We derive the English word “scandal” from the word “stumbling”.  Etymologically, this word refers to the stick in a trap and metaphorically it refers to that which trips us up or lures us into sin.  Jesus doesn’t sugar coat the truth.  In Good to Great, Jim Collins writes about a conversation he had with James Stockdale regarding his coping strategy during his eight years in a Vietnamese POW camp.  Collins refers to this as the Stockdale Paradox.   His shoulders had been wrenched from their sockets, his leg shattered by angry villagers and a torturer, and his back broken, but he refused to capitulate.  Stockdale describes his experiences,

I never lost faith in the end of the story, I never doubted not only that I would get out, but also that I would prevail in the end and turn the experience into the defining event of my life, which, in retrospect, I would not trade.  This is a very important lesson. You must never confuse faith that you will prevail in the end—which you can never afford to lose—with the discipline to confront the most brutal facts of your current reality, whatever they might be.

In the spirit of James Stockdale, Navy SEAL Jay Redman was shot seven times in the face and arms with a machine gun during an operation in Iraq. Having endured numerous surgeries, Redman’s treatment has included about 1,200 stitches, 200 staples, 15 skin grafts and one tracheotomy that he wore for over seven months.  He lost over 50 pounds and spent 143 hours in surgery under anesthesia.  This is what he wrote at the entrance to his hospital room,

Attention to all who enter here. If you are coming into this room with sorrow or to feel sorry for my wounds, go elsewhere. The wounds I received I got in a job I love, doing it for people I love, supporting the freedom of a country I deeply love. I am incredibly tough and will make a full recovery. What is full? That is the absolute utmost physically my body has the ability to recover. Then I will push that about 20 percent further through sheer mental tenacity. This room you are about to enter is a room of fun, optimism, and intense rapid regrowth. If you are not prepared for that, go elsewhere.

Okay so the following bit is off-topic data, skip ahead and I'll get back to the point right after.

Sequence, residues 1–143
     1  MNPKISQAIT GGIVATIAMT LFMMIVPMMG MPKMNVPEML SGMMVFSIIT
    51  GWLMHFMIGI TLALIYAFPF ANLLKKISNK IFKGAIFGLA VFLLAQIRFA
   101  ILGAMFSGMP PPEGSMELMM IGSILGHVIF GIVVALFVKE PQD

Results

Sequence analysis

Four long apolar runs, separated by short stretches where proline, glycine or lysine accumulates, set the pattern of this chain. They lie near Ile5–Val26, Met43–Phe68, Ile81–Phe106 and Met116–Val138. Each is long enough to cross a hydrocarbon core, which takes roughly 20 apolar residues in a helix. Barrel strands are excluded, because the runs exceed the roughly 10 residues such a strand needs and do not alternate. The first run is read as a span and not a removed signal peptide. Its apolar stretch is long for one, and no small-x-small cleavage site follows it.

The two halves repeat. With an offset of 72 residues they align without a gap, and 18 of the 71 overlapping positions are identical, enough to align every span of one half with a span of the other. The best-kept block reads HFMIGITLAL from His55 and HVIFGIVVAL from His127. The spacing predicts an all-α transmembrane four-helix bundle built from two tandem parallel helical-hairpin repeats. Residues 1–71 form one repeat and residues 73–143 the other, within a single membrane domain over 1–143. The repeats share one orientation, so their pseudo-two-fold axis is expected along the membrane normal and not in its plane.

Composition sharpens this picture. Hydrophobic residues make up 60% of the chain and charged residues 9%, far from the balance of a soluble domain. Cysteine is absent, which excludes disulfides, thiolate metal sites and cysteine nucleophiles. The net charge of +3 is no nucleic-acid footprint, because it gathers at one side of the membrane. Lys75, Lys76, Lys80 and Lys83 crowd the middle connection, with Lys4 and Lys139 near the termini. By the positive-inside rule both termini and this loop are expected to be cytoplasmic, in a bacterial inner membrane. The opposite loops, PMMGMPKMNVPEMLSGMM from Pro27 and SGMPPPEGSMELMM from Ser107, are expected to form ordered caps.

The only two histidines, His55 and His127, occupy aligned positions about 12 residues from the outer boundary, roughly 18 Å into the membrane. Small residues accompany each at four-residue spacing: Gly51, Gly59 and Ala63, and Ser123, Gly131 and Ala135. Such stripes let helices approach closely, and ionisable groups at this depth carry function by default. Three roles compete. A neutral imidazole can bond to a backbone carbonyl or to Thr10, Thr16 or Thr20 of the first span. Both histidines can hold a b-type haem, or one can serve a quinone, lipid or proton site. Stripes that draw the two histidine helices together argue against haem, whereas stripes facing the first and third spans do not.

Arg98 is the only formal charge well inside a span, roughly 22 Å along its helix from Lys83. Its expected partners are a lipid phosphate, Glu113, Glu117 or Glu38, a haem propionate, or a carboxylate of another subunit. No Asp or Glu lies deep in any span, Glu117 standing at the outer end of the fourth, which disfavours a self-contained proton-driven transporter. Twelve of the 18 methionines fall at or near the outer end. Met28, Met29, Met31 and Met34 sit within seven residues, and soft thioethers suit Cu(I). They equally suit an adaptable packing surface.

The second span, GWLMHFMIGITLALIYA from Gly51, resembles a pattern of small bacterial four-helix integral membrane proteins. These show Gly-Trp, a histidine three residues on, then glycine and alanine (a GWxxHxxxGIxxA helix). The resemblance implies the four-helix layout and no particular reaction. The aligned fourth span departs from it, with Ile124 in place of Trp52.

The true mark of a man is not found in his past, but how he overcomes adversity and builds his future.  Redman states, “Quitting is never an option. I used to sweat the small stuff too much. There is nothing like a life-altering event to change your outlook.”

What causes you to stumble?  The Apostle Peter gives us this advice,

Beloved, do not be surprised at the fiery ordeal among you, which comes upon you for your testing, as though some strange thing were happening to you;  (1 Peter 4:12)

Don’t succumb to self-pity.  You will encounter suffering but you are not alone.  Oswald Chambers gives us a helpful perspective,

Does it really matter that our circumstances are difficult?  Why shouldn’t they be!  If we give way to self-pity and indulge in the luxury of misery, we remove God’s riches from our lives and hinder others from entering into His provision.  No sin is worse than the sin of self-pity, because it removes God from the throne of our lives, replacing Him with our own self-interests.  It causes us to open our mouths only to complain, and we simply become spiritual sponges— always absorbing, never giving, and never being satisfied.  (My Utmost for His Highest 5/16)

 Charles Sykes, author of Dumbing Down Our Kids, speaks at high school and college graduations sharing principles graduates often did not learn in school.  He writes about the ongoing feel good, politically correct atmosphere that has created a generation of kids with no concept of reality and sets them up for failure in the real world.  Here are his rules:

Rule 1:  Life is not fair, get used to it.

Rule 2:  The world won’t care about your self-esteem. The world will expect you to accomplish something before you feel good about yourself.

Rule 3:  You will not make 40 thousand dollars a year right out of high school. You won’t be a vice president with a car phone until you earn both.

Rule 4:  If you think your teacher is tough, wait till you get a boss. He doesn’t have tenure.

Rule 5:  Flipping burgers is not beneath your dignity. Your grandparents had a different word for burger flipping; they called it opportunity.

Rule 6:  If you screw up, it’s not your parents’ fault so don’t whine about your mistakes. Learn from them.

Rule 7:  Before you were born your parents weren’t as boring as they are now. They got that way paying bills, cleaning your room, and listening to you tell them how idealistic you are. So before you save the rain forest from the blood-sucking parasites of your parents’ generation, try delousing the closet in your own room.